Someone is watching Gillian Ward. Actually, several someones, each with a different agenda, some of them creepy, one of them lethal.
As befits the object of so much scrutiny, Gillian emerges only gradually to a leading role. She’s first glimpsed as the perfect wife and partner of London tax and business consultant Tom Ward and the mother whose 12-year-old daughter, Becky, is convinced she’s horrible. By the time Gillian surrenders to the amatory overtures of John Burton, a disgraced former Scotland Yard detective who runs a private security firm and coaches Becky’s tennis team, Hackney divorcée Carla Roberts and retired Tunbridge Wells physician Anne Westley have already been killed in strikingly similar ways, bound with duct tape and smothered with towels shoved down their throats. As Burton’s mortal enemy, DI Peter Fielder, and Fielder's lust object, DS Christy McMorrow of the Metropolitan Police, labor to unearth a connection between the two women, Link keeps cutting away to Samson Segal, a deliveryman forced by unemployment to share the home of his brother and sister-in-law. Samson’s never had a date, and given the way he treats women, he never will. But he can’t take his eyes off Gillian. He follows her around the neighborhood they share, dreaming of getting her to notice him. Soon after their one run-in turns out disastrously, Tom is shot dead by a gun linked to Anne Westley’s murder. What else can go wrong for Gillian? Quite a bit, it turns out.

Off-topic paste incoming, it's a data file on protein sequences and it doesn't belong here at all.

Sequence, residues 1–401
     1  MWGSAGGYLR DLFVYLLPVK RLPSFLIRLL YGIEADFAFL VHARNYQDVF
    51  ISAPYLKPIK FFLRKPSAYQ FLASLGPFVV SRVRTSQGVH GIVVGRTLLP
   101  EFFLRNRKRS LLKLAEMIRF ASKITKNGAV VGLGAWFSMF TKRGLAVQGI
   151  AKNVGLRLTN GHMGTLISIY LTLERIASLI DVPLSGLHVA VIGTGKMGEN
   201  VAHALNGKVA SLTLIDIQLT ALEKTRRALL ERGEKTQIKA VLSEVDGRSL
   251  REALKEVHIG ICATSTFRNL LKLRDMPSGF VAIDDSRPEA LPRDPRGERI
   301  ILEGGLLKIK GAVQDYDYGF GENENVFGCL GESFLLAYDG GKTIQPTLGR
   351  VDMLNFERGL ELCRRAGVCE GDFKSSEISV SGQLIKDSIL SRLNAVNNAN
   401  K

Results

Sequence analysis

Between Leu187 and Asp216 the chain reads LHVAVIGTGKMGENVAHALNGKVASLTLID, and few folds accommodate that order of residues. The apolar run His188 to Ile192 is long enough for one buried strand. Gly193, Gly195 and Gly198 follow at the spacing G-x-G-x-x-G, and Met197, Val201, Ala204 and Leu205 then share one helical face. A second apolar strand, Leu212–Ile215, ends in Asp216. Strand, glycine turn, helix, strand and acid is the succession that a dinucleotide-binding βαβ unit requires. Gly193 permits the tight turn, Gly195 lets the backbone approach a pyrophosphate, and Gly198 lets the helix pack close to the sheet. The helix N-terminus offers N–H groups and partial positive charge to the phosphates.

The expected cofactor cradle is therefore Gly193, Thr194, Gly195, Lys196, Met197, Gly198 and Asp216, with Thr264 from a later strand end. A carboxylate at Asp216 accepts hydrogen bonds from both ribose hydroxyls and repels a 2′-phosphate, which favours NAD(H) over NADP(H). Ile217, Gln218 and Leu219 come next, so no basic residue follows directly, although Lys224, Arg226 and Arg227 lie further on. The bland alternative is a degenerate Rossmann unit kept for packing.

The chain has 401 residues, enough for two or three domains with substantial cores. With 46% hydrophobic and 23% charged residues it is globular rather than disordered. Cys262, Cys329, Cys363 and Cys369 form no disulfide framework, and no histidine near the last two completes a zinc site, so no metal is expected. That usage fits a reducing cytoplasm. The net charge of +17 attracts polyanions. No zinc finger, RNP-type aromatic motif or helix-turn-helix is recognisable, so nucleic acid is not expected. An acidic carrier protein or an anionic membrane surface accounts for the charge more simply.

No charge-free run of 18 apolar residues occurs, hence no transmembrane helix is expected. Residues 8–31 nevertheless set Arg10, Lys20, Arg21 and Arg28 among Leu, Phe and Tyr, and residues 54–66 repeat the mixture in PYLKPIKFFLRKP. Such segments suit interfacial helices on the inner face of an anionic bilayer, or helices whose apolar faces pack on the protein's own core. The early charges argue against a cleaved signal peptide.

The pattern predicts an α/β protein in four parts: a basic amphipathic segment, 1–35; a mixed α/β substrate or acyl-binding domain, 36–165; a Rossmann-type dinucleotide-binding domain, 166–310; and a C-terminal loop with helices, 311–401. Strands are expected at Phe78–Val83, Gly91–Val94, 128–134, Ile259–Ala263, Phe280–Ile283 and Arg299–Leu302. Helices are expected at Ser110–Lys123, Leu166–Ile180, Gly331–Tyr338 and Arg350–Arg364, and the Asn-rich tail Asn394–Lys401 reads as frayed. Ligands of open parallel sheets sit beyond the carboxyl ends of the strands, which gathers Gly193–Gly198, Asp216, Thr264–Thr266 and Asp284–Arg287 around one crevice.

Link (The Other Child, 2013) switches so deftly among her different characters’ viewpoints that the web she weaves is tinged by an exceptionally powerful sense of miasmal paranoia. Only the hyperextended last act, plunging her damsel into a much more traditional kind of distress, is a letdown.